Journal Browser

Journal Browser

Special Issue "Advances in Near-Earth Space and Atmospheric Physics from Ground-Based and Satellite Observations"

A special issue of Remote Sensing (ISSN 2072-4292). This special issue belongs to the section "Atmospheric Remote Sensing".

Deadline for manuscript submissions: 29 March 2024 | Viewed by 450

Special Issue Editors

Dr. Veronika Barta
E-Mail Website
Guest Editor
HUN-REN Institute of Earth Physics and Space Science, Sopron, Hungary
Interests: atmospheric science; ionospheric physics; ionosonde; GNSS; space weather; atmospheric electricity
Dr. Christina Arras
E-Mail Website
Guest Editor
1. Institute of Geodesy, Technische Universität Berlin, Berlin, Germany
2. Deutsches GeoForschungs Zentrum (GFZ), Potsdam, Germany
Interests: gnss radio occultation; geomagnetic storm; physics of the upper atmosphere, climatological changes and trends coupling processes between troposphere/mesosphere/ionosphere
Dr. Jaroslav Urbar
E-Mail Website
Guest Editor
Institute of Atmospheric Physics of Czech Academy of Sciences, Prague, Czech Republic
Interests: GNSS; ionospheric and space physics; upper atmosphere physics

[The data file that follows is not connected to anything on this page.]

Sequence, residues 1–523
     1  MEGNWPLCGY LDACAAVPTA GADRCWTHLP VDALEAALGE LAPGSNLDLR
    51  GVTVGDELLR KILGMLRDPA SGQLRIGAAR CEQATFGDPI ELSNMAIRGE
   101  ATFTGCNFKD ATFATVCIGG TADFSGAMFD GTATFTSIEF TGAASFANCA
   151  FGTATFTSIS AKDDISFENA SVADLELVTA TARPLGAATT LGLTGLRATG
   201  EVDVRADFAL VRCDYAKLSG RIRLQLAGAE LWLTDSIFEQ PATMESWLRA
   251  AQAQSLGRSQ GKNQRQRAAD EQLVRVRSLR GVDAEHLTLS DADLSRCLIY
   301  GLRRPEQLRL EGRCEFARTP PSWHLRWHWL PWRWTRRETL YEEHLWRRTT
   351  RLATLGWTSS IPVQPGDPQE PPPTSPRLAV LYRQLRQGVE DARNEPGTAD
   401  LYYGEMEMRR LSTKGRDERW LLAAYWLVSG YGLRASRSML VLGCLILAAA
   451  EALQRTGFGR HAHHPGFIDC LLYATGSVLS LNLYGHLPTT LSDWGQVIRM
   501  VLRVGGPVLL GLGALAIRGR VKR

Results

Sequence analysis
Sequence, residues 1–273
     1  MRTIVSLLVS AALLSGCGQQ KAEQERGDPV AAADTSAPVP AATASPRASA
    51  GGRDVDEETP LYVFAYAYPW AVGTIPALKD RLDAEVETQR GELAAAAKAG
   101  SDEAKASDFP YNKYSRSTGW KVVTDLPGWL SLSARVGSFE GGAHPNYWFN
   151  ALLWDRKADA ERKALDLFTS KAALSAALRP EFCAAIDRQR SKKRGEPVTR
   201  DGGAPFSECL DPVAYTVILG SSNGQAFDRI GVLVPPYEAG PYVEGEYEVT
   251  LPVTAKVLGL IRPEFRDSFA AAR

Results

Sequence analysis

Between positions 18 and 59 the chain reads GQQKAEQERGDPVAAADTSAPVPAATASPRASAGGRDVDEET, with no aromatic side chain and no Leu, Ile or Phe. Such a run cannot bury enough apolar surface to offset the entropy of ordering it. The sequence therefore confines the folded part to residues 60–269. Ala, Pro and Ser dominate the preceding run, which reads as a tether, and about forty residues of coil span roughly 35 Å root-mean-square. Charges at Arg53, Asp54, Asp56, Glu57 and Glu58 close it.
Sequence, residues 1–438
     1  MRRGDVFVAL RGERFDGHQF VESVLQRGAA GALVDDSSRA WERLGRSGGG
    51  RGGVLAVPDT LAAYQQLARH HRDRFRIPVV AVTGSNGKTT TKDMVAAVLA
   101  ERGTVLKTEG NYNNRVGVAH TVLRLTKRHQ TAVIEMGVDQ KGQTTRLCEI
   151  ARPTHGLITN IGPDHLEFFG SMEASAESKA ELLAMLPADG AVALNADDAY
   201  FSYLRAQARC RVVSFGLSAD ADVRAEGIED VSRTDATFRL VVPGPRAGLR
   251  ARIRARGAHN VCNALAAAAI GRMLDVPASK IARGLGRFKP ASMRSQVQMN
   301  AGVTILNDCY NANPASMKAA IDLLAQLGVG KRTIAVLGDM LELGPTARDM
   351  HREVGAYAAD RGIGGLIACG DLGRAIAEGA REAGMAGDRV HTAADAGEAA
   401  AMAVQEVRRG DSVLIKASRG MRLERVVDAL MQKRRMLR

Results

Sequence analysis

Special Issue Information

Dear Colleagues,

Within the near-Earth space and the atmosphere, all regions are closely interconnected, forming a multi-coupled complex system. Space weather events originating from the Sun, such as solar flares, energetic particle precipitations and effects of solar wind disturbances including Interplanetary Coronal Mass Ejections (ICMEs) or Corotating Interaction Regions (CIRs), can cause significant changes in the Earth's environment. These variations manifest in different spheres/regions of the system (such as geomagnetic storms and ionospheric storms) that are summarized as geospheric storms. Furthermore, the lowest part of the terrestrial plasma—the ionosphere—is strongly coupled with the neutral atmosphere. Therefore, the ionosphere is also affected from below by the different types of atmospheric waves associated with phenomena of non-space origin and irregular character (e.g., severe tropospheric convection, thunderstorms, and tectonic activity).

The variability of the plasma environment range across broad spatial scales, from local or regional to inter-hemispherical or global changes. Their temporal variability is also diversified, from the 11-year solar cycle variations to rapid changes, which are still difficult to predict as well as measure in situ. The resulting intense variations in the terrestrial plasma affect communication and navigation systems, spacecraft operations, manned space missions, as well as commercial aircraft operations. Thus, monitoring the processes within the system via ground-based and satellite observations is rather crucial.